I can just see the BambThump4 (BmTh4? BbTh4?) on the protocol sheets.
  26. essence_of_soy

    essence_of_soy Well-Known Member


    Brings back memories of Sandy Roberts' commentary for Australian TV and his reference to double - cheek combinations.
  27. alilou

    alilou Crazy Stalker Lady

    and "flat bag" when the guys landed in the splits in their floor routines :lol:
    skateboy and (deleted member) like this.
  28. flipforsynchro

    flipforsynchro New Member

    If I want to see gorgeous 3T's, I can go to my local club.
  29. Zemgirl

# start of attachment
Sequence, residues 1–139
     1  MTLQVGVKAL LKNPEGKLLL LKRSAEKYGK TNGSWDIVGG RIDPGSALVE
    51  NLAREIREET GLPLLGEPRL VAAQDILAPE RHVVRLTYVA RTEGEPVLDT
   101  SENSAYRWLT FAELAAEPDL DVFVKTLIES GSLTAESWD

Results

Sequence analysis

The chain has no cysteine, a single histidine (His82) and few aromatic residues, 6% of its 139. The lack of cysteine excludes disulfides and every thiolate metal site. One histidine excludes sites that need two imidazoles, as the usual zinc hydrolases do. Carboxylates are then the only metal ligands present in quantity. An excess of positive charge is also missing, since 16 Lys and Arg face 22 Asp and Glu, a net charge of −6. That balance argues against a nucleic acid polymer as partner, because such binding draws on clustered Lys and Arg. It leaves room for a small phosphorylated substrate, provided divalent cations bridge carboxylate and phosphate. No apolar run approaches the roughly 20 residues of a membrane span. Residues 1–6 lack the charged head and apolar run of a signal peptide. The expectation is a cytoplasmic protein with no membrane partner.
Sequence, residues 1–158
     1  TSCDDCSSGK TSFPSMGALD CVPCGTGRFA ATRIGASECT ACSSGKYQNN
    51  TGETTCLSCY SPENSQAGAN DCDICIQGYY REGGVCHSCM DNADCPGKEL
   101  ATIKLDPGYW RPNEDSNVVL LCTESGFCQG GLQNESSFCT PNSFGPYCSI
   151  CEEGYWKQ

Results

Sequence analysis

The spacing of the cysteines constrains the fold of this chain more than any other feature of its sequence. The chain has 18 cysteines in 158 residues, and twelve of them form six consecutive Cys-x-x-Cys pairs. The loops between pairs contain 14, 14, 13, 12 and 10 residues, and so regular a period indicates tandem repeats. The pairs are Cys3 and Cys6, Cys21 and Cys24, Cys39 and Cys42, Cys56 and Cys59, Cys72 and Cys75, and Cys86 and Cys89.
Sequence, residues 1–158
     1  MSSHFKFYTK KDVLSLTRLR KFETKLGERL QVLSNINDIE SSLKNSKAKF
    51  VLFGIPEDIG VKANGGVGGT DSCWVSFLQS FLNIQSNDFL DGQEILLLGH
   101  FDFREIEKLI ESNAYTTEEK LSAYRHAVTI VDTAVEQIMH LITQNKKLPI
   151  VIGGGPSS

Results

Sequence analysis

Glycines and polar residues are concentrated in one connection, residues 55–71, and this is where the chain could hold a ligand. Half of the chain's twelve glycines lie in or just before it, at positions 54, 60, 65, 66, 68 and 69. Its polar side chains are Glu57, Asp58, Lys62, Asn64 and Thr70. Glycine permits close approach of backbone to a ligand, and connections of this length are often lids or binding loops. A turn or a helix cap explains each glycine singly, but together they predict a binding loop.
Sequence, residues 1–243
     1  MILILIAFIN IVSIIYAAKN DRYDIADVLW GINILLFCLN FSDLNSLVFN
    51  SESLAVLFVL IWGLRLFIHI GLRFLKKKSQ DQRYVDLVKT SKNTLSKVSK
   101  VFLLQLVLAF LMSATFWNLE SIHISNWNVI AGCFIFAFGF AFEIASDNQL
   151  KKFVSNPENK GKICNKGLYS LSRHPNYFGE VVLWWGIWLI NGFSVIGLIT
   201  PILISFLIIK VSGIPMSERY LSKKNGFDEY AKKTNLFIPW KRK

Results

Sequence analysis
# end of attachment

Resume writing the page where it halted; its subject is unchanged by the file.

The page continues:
Zemgirl Well-Known Member

    Put everyone on a luge track, that would be way more exciting. :p

    You can also see people fall at your local club, so what does that prove?

    I don't think solo 3Ts should be the goal for elite skaters, at least not the men, but I do agree with those who said that if a skater pops a jump, doubles a triple, whatever, it does look better than a fall (unless you get to a Verner-like critical mass of pops). The question is how to best balance between rewarding difficulty and rewarding good execution, and nine-ten seasons into the current system, I don't think they've found that point yet.
  30. flipforsynchro

    flipforsynchro New Member

    Yeah, but they're falling on doubles, not quads.